Published: 16:46, 08 April 2019
| Updated: 21:11, 08 April 2019
A Kent family faces waiting more than a year for police to prosecute their son’s killer who it is believed has been sending them abusive messages from prison.
Chloe Bednar, 17, is the younger sister of Breck Bednar, who was killed in 2014 after being groomed through online gaming by Lewis Daynes.
In January, the A-Level student started received sickening messages via Snapchat, recounting her brother’s murder in graphic detail.
Scroll down for video as mum speaks of sick messages sent to family
Her mother Lorin LaFave who moved to Deal in 2016 has since appealed via KentOnline for the social media site to help police identify who has sent sick threats to her family.
She believes it's Breck's killer, after she claims he previously contacted by her via Twitter in 2015 and 2016.
Officers in Kent are now lodging a request to Snapchat to identify the accounts which sent the messages.
Yet they have been advised such a request could take 12 to 18 months to process.
Deal and Dover MP Charlie Elphicke met with culture secretary Jeremy Wright last week to argue that social media giants should be forced to act more quickly.
Following the meeting, the government published a White Paper on Online Harms today.
It pledges to “work with law enforcement to review whether the current powers are sufficient to tackle anonymous abuse online” and that they “expect companies to do substantially more to keep their users safe and counter online abuse”.
Mr Elphicke said: “The content of these messages is vile and deeply distressing for Breck’s family.
"Chloe is just 17 years old and still grieving her brother’s death.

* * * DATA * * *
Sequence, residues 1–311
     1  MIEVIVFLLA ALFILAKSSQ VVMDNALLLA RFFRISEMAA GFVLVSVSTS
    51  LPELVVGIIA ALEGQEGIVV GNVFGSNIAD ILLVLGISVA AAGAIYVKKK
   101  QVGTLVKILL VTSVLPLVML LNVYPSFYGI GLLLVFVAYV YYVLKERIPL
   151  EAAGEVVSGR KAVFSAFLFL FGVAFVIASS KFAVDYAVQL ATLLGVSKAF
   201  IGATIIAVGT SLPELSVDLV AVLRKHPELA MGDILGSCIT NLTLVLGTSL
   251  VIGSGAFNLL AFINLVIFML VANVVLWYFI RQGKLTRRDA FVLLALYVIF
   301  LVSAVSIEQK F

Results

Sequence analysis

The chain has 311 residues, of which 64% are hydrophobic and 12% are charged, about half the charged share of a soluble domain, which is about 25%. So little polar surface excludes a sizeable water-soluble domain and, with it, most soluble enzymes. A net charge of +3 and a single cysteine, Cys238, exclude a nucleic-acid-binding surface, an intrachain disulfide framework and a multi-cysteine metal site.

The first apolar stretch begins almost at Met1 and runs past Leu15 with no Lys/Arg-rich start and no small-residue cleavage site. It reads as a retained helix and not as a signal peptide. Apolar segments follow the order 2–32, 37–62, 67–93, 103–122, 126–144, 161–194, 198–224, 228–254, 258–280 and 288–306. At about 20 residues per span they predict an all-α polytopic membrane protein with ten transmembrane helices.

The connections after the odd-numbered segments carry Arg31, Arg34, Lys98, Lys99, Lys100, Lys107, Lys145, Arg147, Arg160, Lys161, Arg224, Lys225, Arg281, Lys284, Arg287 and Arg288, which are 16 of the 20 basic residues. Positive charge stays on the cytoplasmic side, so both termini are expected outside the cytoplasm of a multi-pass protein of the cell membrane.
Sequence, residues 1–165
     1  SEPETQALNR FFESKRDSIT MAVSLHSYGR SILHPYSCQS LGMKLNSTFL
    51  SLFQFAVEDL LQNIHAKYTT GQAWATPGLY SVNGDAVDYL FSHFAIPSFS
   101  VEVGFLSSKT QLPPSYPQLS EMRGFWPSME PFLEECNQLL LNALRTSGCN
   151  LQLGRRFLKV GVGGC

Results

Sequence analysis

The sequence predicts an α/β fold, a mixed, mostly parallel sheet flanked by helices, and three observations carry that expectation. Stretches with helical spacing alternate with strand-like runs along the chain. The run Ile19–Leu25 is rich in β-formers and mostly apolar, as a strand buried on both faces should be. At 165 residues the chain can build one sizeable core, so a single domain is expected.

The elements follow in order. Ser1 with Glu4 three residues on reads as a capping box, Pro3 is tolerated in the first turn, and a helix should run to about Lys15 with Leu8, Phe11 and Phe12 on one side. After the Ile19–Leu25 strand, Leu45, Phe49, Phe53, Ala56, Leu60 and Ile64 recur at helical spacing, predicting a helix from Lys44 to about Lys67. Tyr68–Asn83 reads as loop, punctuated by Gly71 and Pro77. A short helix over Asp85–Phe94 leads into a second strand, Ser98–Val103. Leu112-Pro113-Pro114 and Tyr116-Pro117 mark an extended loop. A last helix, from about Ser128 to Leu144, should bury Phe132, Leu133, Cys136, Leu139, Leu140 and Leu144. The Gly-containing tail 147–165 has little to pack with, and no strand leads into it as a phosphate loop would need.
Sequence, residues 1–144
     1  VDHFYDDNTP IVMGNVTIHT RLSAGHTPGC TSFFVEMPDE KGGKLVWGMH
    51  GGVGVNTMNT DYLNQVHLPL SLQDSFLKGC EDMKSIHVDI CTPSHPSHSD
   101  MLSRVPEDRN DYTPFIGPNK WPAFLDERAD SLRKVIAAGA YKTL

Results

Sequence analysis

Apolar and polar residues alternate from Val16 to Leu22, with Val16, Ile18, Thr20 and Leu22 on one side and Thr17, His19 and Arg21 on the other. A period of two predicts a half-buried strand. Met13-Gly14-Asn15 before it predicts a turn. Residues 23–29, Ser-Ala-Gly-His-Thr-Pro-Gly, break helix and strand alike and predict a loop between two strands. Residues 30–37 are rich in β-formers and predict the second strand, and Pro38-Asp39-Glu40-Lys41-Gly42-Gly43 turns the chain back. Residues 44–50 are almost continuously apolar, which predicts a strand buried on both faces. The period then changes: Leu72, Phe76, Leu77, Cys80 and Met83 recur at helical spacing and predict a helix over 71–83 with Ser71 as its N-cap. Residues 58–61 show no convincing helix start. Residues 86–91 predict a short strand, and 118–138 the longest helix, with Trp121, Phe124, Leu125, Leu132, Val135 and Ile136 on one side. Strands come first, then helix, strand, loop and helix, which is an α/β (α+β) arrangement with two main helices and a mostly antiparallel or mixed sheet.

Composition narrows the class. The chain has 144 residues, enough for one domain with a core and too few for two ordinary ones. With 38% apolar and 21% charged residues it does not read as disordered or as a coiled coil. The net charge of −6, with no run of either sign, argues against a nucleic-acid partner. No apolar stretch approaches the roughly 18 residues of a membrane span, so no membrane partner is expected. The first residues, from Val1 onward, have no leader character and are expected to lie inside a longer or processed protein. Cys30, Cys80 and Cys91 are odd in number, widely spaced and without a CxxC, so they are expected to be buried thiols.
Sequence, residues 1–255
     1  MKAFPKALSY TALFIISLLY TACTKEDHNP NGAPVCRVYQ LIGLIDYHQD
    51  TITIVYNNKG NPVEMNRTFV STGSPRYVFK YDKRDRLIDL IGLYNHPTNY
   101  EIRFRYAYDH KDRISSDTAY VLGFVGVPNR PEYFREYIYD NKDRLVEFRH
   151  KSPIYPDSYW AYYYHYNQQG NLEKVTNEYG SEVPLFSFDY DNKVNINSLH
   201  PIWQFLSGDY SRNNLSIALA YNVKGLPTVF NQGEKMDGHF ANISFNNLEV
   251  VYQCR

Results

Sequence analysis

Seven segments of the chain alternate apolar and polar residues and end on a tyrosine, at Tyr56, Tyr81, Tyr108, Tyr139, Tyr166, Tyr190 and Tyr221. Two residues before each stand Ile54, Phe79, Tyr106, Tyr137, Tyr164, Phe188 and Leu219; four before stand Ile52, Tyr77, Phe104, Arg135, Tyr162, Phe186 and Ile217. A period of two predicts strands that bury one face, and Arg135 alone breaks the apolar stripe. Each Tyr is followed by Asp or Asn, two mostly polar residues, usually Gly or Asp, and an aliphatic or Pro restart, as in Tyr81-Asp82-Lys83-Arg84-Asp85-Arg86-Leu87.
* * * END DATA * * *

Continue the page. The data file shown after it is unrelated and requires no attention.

“Social media giants like Snapchat must do more to help the police bring the culprits to justice.
"Otherwise sick trolls will continue to pour out this poison without fear of punishment.
“The social media companies provide the platform for these twisted individuals to spew their hatred. It’s time they took responsibility – and put a stop to it now.”
Surrey MP Chris Philp, where Breck’s father Barry lives, is also working to help the family.
He recently pointed out that social media firms “hide behind their terms and conditions which require UK law enforcement officials to get court orders and navigate a bureaucratic process”.
Mrs LaFave described what happened to her daughter as “a twist of the knife, bringing up all the bad memories of what happened to poor Breck.".
She said: “There are children all over the UK being abused, exploited, harassed and bullied online.
"This is one example of a perpetrator getting away with these criminal acts via social media platforms.
“We must insist that laws are changed to give more power to police to act and investigate quickly and to force Snapchat and others to cooperate with police matters, rather than continue to harbour criminals with anonymity.”